Jay Z and Beyonce have reportedly turned down an invitation to attend Kanye West and Kim Kardashian's wedding. West is set to tie the knot with the reality TV star in Paris, France next month (May14) and reports suggest they will marry in secret in Los Angeles ahead of their extravagant ceremony in the French capital.
However, West's regular collaborator Jay Z and his wife Beyonce will not be attending the nuptials, so the Big Pimpin' hitmaker will throw a pre-wedding party for his friend at his New York club 40/40, according to Britain's The Sun newspaper.
The publication reports Jay Z is also planning to spend $160,000 (£100,000) on chartering a yacht for the couple's honeymoon. A source says, "Jay Z would be there if it wasn't going to be such a public event. Instead he's making it up to his mate by throwing him the most extravagant stag do (party) known to man. "It will cost a small fortune - and to top it all off he's chucked (thrown) a £100,000 yacht rental in there as a wedding gift as well."
A music producer who used to work with Jay Z is under investigation by police in New York and Los Angeles over an alleged extortion plot regarding a number of the rapper's master recordings. The hip-hop mogul recorded the tracks for his Roc-A-Fella Records between 1998 and 2002, but the masters went missing in 2002 and were subsequently presumed lost.
However, Chauncey Mahan recently contacted Jay Z's business partners at Live Nation, who work with the star on his Roc Nation label, and allegedly offered to sell them a number of masters he had stored away in Northridge, California for $100,000 (£62,500).
The two parties agreed to a fee of $75,000 (£46,875), and arranged to seal the deal at the storage facility on Friday (18Apr14), according to TMZ.com.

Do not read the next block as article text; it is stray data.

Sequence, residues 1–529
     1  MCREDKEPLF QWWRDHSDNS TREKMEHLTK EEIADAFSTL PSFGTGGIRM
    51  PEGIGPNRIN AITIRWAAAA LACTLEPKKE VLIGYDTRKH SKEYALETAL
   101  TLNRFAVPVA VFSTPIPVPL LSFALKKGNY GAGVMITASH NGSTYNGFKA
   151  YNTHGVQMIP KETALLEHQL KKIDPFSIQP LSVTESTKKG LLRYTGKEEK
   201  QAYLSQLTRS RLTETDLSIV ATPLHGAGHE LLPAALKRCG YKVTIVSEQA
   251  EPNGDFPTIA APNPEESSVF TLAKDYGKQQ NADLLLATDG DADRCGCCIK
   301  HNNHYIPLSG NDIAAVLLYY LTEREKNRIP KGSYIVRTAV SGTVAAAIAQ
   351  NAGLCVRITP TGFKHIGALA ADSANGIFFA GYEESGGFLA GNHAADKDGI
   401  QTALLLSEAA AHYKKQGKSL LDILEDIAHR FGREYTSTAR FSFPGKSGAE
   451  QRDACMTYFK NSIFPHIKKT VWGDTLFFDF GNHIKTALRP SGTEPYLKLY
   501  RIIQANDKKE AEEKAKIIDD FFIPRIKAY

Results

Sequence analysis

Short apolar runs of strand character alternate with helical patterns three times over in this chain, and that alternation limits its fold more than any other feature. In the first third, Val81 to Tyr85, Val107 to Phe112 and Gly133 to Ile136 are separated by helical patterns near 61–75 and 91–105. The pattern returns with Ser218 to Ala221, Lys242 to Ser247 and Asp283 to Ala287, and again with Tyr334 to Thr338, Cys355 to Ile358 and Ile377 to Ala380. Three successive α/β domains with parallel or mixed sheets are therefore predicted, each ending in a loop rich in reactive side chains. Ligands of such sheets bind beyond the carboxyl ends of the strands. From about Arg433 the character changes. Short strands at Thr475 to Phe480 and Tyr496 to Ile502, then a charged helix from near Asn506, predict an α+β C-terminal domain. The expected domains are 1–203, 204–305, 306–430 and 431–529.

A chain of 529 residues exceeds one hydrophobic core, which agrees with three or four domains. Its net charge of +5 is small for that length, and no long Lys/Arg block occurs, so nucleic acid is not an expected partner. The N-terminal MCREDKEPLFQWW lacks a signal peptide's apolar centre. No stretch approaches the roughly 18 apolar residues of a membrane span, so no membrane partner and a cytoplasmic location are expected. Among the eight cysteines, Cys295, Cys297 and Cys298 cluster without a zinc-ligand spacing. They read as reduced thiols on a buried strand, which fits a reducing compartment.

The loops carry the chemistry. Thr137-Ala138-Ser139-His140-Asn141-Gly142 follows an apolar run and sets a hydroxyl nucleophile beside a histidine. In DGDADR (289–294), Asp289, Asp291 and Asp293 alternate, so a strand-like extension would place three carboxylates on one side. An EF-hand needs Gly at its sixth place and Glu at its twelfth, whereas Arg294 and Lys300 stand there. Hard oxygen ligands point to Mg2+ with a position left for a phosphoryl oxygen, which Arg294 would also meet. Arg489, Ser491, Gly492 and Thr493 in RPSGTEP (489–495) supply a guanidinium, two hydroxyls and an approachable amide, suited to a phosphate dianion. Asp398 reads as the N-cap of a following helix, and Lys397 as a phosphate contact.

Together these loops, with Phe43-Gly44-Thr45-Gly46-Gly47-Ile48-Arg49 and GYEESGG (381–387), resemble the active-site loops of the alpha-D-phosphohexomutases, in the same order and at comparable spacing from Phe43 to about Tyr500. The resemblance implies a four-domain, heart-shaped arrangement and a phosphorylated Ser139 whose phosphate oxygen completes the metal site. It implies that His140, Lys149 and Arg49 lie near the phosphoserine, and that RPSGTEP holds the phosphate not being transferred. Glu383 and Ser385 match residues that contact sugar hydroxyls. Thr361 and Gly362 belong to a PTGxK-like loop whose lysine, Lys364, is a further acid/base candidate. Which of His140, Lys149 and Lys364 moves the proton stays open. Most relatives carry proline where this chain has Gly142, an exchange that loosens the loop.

However, instead of meeting Jay Z's representatives, Mahan was confronted by police. He was not arrested, but agreed to accompany cops to the station for questioning. The masters were also taken away for safe keeping until ownership can be determined.
The extortion allegations are currently under investigation by authorities in Beverly Hills, where Live Nation is based, while Jay Z's team has filed a separate complaint for grand larceny with New York officials over claims the masters were illegally removed from their Big Apple offices.
British pop star Michelle Heaton's son was released from hospital on Wednesday (09Apr14) after he was treated for meningitis. The former Liberty X singer and her husband Hugh Hanley were hit by a health scare over the weekend (05-06Apr14) when their son Aaron, who was born in February (14), fell ill.
The boy was admitted to a hospital and treated with antibiotics to fight viral meningitis, and Heaton is relieved to have her baby back home after four days.
She writes on Twitter.com, "Our beautiful baby boy Aaron Jay Hanley is home now and we couldn't be happier. It has been hell, I'm not going lie and only time will tell... if Aaron has been physically or mentally effected with having had viral meningitis... But the chances are slight so we just pray he will... be one of the lucky ones!
"We certainly are (lucky) to get our little man home. (Our daughter) Faith has been the best big sister ever, nursing him every day... now time for Lots of cuddles and family time... I love my family... More then (sic) words can say."
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Now that Seth Meyers has exited from Saturday Night Live, the search has begun in earnest to see who is "next." After all, the show has proven to be the launching pad for some of the biggest names in Hollywood both in movies and television.